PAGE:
John Capps was there when it all began for the Bulls in 1966, ready as he would be for the next 52 years to clear the way for the running—or walking, or riding, actually back then—of the Bulls. It was Chicago police officer Capps, a Marine veteran, who got the assignment that fall day in 1966 to clear the way for the parade up Michigan Avenue for the new NBA franchise in Chicago, the Bulls.
But instead of all the floats, baton twirlers and bands, it was owner Dick Klein, coach Johnny Kerr, marketing director Jerry Colangelo, all wearing suits and cowboy hats, and a live bull in a cage in a two-vehicle procession.
Nevertheless, Capps signed on and since then, often wearing his ever-present Kangol hat while sitting behind the Bulls bench right through the end of last season, Capps has been the security anchor for the Bulls franchise.
Capps died Thursday in his home in Chicago. He was 88.
"John Capps was a longtime friend of the Bulls organization and a fixture outside the locker room for years," said Bulls Executive Vice-President of Basketball Operations John Paxson for the team. "Great person and a man who would always tell you straight up what he thought. He was tough, a Marine and over the last few years he was struggling physically, but he would never let you know. Home games won't be the same without John Capps sitting outside our locker room."
It's where Capps resided before every game, a longtime ritual of players greeting Capps before entering the locker room. Capps would be on guard through game time and then accompany the coach to the court and sit behind the bench. After the game, he would accompany the coach to the media session and then wait outside the locker room to accompany the coach back to his car. It was one of the most reliable rituals around the team and basically never changed in more than a half century.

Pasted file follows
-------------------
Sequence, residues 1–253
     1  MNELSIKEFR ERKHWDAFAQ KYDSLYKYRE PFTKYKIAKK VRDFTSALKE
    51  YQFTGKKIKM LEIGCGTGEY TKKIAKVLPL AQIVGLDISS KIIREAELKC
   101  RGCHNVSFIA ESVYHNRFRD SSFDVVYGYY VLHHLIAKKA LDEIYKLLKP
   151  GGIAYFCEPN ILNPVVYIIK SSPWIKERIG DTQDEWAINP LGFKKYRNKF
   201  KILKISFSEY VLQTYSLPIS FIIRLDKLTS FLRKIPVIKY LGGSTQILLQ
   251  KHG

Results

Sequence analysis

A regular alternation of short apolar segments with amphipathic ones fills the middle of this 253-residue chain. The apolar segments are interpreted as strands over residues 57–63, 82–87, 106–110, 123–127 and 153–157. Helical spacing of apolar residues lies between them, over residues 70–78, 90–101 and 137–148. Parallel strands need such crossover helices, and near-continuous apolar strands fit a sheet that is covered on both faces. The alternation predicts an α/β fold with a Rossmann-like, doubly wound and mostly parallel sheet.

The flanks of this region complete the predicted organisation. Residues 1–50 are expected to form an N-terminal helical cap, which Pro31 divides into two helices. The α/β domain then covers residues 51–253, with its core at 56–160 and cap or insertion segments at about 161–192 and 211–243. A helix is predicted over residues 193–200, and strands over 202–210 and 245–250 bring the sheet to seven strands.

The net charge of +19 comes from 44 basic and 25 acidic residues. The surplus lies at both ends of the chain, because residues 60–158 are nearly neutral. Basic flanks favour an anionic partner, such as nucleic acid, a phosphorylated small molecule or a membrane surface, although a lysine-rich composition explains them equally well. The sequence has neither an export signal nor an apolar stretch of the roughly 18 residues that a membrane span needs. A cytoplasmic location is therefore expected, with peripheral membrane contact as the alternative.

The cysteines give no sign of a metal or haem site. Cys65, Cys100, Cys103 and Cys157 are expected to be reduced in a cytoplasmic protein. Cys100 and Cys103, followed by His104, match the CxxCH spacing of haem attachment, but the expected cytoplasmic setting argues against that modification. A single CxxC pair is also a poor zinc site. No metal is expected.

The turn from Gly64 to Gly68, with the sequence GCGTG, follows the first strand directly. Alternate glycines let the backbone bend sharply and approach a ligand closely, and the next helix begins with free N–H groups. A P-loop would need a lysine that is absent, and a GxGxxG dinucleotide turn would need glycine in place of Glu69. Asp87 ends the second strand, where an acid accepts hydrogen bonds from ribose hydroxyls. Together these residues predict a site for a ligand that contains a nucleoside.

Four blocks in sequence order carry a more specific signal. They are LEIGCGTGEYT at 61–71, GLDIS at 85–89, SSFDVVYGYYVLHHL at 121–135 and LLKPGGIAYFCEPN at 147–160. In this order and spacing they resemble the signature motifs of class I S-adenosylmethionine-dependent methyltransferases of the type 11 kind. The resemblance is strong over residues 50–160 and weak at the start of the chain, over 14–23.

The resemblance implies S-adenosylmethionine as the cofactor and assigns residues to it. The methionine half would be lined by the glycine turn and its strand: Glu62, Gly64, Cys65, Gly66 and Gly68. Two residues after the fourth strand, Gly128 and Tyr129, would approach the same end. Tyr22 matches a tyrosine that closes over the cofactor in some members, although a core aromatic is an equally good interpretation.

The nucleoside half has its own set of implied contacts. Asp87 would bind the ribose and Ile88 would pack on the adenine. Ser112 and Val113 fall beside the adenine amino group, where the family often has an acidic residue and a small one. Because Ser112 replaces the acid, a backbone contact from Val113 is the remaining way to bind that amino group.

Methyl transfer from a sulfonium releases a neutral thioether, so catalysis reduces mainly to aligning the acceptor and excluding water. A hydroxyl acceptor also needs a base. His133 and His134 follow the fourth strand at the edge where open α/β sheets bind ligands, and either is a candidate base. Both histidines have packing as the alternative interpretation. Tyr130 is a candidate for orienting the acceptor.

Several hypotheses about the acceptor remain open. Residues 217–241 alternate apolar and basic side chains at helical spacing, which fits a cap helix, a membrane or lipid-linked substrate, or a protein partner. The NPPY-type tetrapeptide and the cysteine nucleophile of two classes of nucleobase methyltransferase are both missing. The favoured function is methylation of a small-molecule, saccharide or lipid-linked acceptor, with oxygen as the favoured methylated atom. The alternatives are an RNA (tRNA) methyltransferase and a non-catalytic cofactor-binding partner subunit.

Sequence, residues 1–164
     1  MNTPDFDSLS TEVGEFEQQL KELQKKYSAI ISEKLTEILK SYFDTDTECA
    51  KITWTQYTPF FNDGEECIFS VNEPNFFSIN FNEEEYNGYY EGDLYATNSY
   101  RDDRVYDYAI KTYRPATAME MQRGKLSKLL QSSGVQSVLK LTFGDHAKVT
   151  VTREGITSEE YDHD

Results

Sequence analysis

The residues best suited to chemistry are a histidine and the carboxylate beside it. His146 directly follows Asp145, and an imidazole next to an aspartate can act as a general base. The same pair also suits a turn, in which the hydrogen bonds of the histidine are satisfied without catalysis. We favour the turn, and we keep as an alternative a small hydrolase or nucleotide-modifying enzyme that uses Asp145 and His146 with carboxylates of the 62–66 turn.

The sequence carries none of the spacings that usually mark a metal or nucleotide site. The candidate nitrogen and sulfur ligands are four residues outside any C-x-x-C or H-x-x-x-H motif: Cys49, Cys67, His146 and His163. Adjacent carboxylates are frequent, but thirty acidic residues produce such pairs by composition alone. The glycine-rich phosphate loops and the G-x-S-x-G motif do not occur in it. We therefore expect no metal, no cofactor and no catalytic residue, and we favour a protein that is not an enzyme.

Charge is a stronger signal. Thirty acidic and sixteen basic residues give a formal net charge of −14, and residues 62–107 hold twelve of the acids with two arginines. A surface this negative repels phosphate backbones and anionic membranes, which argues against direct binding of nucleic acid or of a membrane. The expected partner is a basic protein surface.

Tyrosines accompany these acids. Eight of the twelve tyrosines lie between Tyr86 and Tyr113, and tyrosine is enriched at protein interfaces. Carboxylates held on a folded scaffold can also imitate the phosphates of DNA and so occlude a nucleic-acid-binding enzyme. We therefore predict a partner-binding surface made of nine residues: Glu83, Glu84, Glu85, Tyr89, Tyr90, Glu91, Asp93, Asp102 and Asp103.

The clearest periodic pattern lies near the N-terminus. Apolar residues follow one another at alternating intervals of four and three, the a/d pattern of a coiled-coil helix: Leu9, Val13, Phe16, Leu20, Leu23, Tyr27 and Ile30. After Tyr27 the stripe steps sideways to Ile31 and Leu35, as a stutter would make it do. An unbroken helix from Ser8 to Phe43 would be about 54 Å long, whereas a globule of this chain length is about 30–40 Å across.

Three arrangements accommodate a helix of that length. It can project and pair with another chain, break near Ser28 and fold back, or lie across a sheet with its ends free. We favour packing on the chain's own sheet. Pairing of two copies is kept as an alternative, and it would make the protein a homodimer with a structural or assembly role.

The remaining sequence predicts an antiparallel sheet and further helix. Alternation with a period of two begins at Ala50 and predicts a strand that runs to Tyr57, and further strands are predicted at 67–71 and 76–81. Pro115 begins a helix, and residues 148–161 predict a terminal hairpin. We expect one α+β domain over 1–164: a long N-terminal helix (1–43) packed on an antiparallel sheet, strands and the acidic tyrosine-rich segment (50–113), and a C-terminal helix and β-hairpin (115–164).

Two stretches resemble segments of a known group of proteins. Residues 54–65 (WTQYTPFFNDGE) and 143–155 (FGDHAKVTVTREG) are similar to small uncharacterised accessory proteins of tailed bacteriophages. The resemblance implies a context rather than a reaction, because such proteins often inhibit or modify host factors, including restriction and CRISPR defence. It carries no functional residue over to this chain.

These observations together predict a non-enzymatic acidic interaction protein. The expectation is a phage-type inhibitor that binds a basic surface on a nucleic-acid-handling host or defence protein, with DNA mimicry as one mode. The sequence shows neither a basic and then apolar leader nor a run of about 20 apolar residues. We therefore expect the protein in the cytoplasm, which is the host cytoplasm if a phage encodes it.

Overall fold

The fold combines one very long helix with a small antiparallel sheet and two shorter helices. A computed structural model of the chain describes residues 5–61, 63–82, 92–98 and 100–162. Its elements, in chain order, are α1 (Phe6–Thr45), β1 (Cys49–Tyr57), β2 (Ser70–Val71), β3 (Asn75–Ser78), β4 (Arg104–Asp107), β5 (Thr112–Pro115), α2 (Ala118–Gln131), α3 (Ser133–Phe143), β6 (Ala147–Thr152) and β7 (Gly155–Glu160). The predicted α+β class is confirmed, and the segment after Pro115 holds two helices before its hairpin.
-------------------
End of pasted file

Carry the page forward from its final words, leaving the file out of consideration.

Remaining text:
Capps' connection to the Bulls came through legendary Chicago boxing publicist Ben Bentley. Bentley hired Capps for security for several major boxing matches in Chicago, including Floyd Patterson's first round knockout loss in Comiskey Park to Sonny Liston in 1962 for the heavyweight championship. Bentley then became the Bulls public relations department in the inaugural 1966-67 season and arranged for the "parade."
The new guys in town were coming! A Bull run?
"We were trying to bring some attention to the birth of the Bulls," said Colangelo, who is now USA Basketball director and chairman of the Naismith Basketball Hall of Fame.
Colangelo was in Chicago Friday for Kerr's posthumous honor by the U. of Illinois Athletics Hall of Fame at a gala at the Field Museum.
"We were throwing out pamphlets trying to sell season tickets; I think we sold four," Colangelo recalled. "Capps was part of that scene when we started the Bulls. He was there front and center. He was part of the whole picture in terms of our presentation. We felt he was a part of the team like a coach, a player. Capps was one of the guys; always did a great job. It's the passing of an era."
Capps primarily did security for home games, but began traveling with the Bulls in the 1990s when the team became America's greatest sports show and Capps became the most familiar face behind the bench, though no one really knew his name. Better for security. Be seen and not known. Always on the job.
I asked Capps about a year ago about his highlight from those early days in the Amphitheater through those championship seasons, the man with a kind word and friendly face for hundreds of Bulls players.
"Winning that first one in L.A.," he said with a smile. "Being an average team for so long. It was great for those guys."
Those guys will miss a great one in John Capps.